Paltz, upon which he made his permanent home. He was a very 
prominent citizen of that section of the province, was one of the found- 
ers of the Walloon Protestant Church of New Paltz, and for many 
years was a member of the provincial assembly. Another, Abraham, 
of the third generation from this ancestor, was " one of the most promi- 
nent men in Ulster County, and was for thirty years a member of the 
legislature." He died in Kingston, November 10, 1791, and " was 
buried next day with the honors of war." His brother. Colonel Jona- 
than Hasbrouck, owned the homestead at Newburgh, which became 
Washington's headquarters, now the property of the State of New 
York. Dr. Hasbrouck's maternal grandfather, Wilhelmus Elting, was 
likewise of Huguenot extraction, his line tracing back to Henry IV. 
of France. He was pastor of the Dutch Reformed Church at Paramus 
for thirty years. 

Dr. Hasbrouck in his boyhood received the ordinary schooling of 
the country youth, and at about the age of fifteen, having completed 
this elementary training, engaged in teaching school. After spending 
two years in this employment he entered the New Jersey Normal 
School as one of the earliest students admitted to that institution 
upon its opening. Being graduated in due course*, he devoted himself 
for a number of years to teaching professionally, but discontinued his 
pedagogic pursuits to study medicine, taking the regular lecture course 
of the Medical Department of the University of the City of New York, 
from which he received his doctor's diploma in 1869. 

After completing his course at the medical college. Dr. Hasbrouck 
turned his attention seriously to the rival claims of the " old " and the 
" new " school of medical practice, and, after a thorough investigation, 
decided to adopt the system of homeopathy. He first engaged in prac- 
tice at Goshen, Orange County, N. Y., where he remained for a year. 
From there he went to Newton, Sussex County, N. J., being the 
earliest homeopathic practitioner in that county. In 1875 he removed 
to Dobbs Ferry, this county, where he has since resided, enjoying an 
extensive clientage and sustaping a very high reputation in his pro- 


fession. He is a member of the Westcliester County Homeopathic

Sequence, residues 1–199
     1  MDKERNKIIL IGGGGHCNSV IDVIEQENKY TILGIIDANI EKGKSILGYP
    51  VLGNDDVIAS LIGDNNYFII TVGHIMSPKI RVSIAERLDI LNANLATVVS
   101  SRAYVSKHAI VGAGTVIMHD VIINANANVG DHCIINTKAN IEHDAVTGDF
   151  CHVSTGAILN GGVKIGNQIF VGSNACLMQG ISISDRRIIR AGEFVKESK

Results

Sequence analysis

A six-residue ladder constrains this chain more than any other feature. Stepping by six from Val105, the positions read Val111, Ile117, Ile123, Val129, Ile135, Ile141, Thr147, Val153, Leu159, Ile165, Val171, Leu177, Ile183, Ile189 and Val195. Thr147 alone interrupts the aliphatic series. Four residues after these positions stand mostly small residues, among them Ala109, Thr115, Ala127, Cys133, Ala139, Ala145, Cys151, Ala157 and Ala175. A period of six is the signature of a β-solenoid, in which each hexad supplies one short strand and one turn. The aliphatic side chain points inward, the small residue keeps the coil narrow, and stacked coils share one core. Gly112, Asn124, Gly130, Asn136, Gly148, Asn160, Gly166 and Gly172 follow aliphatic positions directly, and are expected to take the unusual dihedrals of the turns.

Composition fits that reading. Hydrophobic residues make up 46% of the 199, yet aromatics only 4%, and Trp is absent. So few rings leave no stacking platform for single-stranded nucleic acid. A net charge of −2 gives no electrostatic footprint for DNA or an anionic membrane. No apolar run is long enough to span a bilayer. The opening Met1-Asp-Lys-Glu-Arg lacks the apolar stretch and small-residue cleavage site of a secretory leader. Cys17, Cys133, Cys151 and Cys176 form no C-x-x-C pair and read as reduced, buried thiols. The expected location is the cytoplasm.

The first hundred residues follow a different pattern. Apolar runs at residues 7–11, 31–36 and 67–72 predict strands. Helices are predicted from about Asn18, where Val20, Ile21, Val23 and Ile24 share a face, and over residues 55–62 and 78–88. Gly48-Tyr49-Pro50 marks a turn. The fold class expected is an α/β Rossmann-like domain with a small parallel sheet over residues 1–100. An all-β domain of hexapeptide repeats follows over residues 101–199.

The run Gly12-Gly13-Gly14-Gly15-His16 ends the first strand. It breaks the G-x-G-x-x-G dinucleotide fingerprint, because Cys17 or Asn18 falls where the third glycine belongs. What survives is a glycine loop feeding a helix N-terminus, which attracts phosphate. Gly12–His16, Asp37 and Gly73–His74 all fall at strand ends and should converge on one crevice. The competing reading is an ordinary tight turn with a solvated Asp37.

Medical Society, and for two years was its president. 

As a citizen Dr. Hasbrouck has always been an active and useful 
member of the community where he resides. He has for many years 
been a member of the Dobbs Ferry Board of Education and its presi- 
dent, has long served as health officer of the village, and is president 
of the Dobbs Ferry Savings Bank. In politics he is a Republican. 

He has been four times married. His surviving children are Edith S. 
and Mabel E., twin daughters, and David Marks. 

ISKE, EDWIN WILLIAMS, mayor of the City of Mount 
Vernon, is a son of Samuel Fiske and his wife, Amanda Stod- 
dard Fiske, and was born in Shamokin, Pa., July IT, 1861. 
He attended school in Harrisburg, Pa., until his eighteenth 
year, and then obtained employment with the Pennsylvania Steel 
Company, of Steelton, Pa., as an apprentice to learn the Bessemer 
steel manufacturing trade. Removing to New York in 1883, he em- 
barked in the steam and hot-water heating business in that city. 
Four years later he became a citizen of Mount Vernon, where he has 
since lived and pursued his business interests. 

Having thoroughly identified himself with the place from the be- 
ginning of his residence there, Mr. Fiske soon became one of the 
leading spirits in the public affairs of Mount Vernon. An enthusi- 
astic Democrat, he devoted his energies and influence actively to the 
promotion of the Democratic cause locally, and rapidly advanced to 
a recognized position among the foremost men of the party. 

In 1889 he was elected a member of the board of village trustees 
from the old second ward. At the election of 1893 he was chosen 
alderman from the present second ward over a strong Republican 
rival. In 1894 he was unanimously nominated by the Democrats for 
the mayoralty, to succeed Dr. Brush, the first mayor of the city, failing 
of success (according to the count as finally declared by the courts) by 
only a single vote. During the year 1894-95 he was president of the 
board of aldermen. His public services in the aldermanic board 
were marked especially by his able discharge of the duties of chair- 
man of the committee on streets and sidewalks, in which capacity he 
took the lead in bringing about the decided improvements in the 
Streets and avenues of the city. He was again the unanimous 
choice of the Democratic party for inayor in 1896, and was elected by 



a majority of 505. In the municipal contest of 1898 lie was for the 
third time unanimously nominated for mayor, and at the election 
which followed was continued in the position by a majority of 671, 
carrying every ward in the city. On May 15, 1900 he was again re- 
elected mayor of the city for the third consecutive term. 
The political popularity of Mayor B^'iske, as thus established in